Mike Ireland – Starting over
“Strings aren’t a substitute,” Ireland stresses. “You can’t take a crappy song, stick strings on it and go, ‘Wow, now it’s emotionally moving!’ But on songs like ‘For The Good Times’, when the strings are used well, like any instrument, they help to support what’s going on emotionally in the song. Man, I just love those records…”
“So hopefully the more seriously we approach songs like that, the less people can just write them off as, ‘Ha ha, they’re doing “Harper Valley PTA”, isn’t that a kick.’ I don’t want to be about a kick. And if we do it seriously and don’t let up, then the audience has to make sense of that.”
In other words, it’s the lyrics of those songs, just as much as their sound, that Ireland sees as the essence of what’s countrypolitan in his music. Bring up legendary countrypolitan songwriters like Curly Putnam, and Ireland starts counting the ways he loves their songs. “One, those songs are very emotionally direct — they’re just the bare facts, without a lot of adornment or clever turns of phrase. And, two, they’re very unashamed about those emotions. They may be ashamed of what they’ve done, but they’re not ashamed of revealing it to an audience. And I guess, third, there’s an innate sense of dignity to those songs, a strength — and it comes from their willingness to let themselves be seen as vulnerable.
“So I guess one reason I moved in this direction is because I think the songs I’m putting out are fairly bare emotionally, not hiding a lot, and I think that can make people uncomfortable. I honestly believe that even if we hadn’t used strings, there would still be a problem for some listeners. I mean, I guess the word is that they seem too ‘unironic’ to people; the feelings are just out there. That either moves you or you need to find it comical or corny, because the assumption is no one could really be in this much pain, nobody’s life could go this wrong.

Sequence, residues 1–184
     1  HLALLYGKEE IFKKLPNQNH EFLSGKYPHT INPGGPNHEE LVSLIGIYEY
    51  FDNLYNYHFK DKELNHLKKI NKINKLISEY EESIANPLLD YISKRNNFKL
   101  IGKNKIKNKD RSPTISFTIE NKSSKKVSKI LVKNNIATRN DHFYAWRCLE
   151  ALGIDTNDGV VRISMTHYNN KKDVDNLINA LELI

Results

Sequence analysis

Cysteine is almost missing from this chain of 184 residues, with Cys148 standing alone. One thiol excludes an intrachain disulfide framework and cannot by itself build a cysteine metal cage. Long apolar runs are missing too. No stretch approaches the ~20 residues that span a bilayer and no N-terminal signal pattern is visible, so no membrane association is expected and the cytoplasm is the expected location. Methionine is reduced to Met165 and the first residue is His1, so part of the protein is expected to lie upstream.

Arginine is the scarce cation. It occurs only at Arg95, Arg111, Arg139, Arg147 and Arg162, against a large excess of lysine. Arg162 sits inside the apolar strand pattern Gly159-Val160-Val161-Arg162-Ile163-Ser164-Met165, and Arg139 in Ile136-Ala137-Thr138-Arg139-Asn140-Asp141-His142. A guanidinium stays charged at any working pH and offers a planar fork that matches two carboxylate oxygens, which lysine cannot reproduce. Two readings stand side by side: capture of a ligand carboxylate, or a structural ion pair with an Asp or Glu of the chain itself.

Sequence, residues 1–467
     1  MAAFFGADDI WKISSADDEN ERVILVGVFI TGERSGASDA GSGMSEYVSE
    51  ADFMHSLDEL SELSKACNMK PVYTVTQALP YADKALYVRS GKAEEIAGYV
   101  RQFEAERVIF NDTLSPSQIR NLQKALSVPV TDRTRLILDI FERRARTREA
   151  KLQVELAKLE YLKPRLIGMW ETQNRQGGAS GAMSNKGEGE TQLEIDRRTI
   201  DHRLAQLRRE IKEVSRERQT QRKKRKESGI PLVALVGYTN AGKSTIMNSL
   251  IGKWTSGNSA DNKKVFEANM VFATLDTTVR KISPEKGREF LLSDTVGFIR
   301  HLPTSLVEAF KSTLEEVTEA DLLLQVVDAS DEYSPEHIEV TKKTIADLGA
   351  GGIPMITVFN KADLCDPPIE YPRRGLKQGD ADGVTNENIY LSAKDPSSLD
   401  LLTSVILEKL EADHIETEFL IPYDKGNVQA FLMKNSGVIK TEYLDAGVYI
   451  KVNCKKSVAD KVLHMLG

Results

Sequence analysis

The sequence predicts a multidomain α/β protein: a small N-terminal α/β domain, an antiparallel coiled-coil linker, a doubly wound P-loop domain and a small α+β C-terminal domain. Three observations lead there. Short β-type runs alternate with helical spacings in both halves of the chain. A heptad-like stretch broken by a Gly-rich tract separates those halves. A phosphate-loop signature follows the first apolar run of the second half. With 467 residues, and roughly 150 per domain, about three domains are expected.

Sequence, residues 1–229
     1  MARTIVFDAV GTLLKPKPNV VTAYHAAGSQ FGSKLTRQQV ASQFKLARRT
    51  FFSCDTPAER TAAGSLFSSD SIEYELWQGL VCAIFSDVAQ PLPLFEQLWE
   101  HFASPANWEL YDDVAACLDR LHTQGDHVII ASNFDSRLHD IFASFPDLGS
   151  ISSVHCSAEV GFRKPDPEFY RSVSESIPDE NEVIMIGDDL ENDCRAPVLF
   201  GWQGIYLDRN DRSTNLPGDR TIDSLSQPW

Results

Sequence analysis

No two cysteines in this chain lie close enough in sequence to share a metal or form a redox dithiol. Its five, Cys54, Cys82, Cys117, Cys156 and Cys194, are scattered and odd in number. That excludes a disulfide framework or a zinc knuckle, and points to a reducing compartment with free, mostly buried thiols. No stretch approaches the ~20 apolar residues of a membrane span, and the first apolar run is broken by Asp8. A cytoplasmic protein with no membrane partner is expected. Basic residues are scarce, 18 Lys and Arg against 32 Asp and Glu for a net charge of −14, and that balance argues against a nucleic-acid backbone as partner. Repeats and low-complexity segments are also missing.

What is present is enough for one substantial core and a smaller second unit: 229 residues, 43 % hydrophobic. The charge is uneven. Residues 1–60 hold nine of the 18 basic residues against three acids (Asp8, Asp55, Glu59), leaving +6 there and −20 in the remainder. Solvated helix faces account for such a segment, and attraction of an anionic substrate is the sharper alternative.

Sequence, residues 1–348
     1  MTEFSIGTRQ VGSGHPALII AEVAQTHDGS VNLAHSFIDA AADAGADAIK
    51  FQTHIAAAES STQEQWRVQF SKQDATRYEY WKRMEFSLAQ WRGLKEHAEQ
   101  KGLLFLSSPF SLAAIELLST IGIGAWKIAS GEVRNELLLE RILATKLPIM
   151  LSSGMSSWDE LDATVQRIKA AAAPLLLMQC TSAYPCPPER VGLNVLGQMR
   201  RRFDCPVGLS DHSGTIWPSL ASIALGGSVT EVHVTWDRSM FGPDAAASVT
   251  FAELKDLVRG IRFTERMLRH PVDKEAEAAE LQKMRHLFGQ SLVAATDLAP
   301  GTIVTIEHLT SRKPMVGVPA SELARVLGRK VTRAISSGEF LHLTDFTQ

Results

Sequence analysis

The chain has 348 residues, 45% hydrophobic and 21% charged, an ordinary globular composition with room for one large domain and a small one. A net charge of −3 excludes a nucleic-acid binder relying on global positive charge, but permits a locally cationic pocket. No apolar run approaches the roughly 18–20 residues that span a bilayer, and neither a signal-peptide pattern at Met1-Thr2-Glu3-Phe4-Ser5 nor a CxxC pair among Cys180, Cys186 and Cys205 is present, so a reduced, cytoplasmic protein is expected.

“Or maybe,” he smiles, “it’s just that no one’s supposed to be a big enough wuss to say it. But really that might be the truest thing you can say.”
The songs and performances on Learning How To Live are consistently risky in just this fashion. The emotional nakedness is there in the sensitive, restrained support of his backing band, Holler: brothers Mike Lemon (lead guitar, mandolin, lap steel) and Paul “Smokey” Lemon (drums), both of whom were also in the Starkweathers; and Dan Mesh (rhythm guitar, backing vocals).
That vulnerability is there, too, in the masterly, dynamic way Ireland sings them — soulfully crooning one moment, all over-the-top the next. Like Charlie Rich or Marty Robbins or Dusty Springfield, his phrasing is tough to pin down to any one location on the popular music map. The emotional payoff is that, when he takes on a spare, delicately swinging version of “Cry” (a 1951 pop hit for Johnnie Ray and a top-five country smash for Lynn Anderson in ’72), he can make you want to do just that.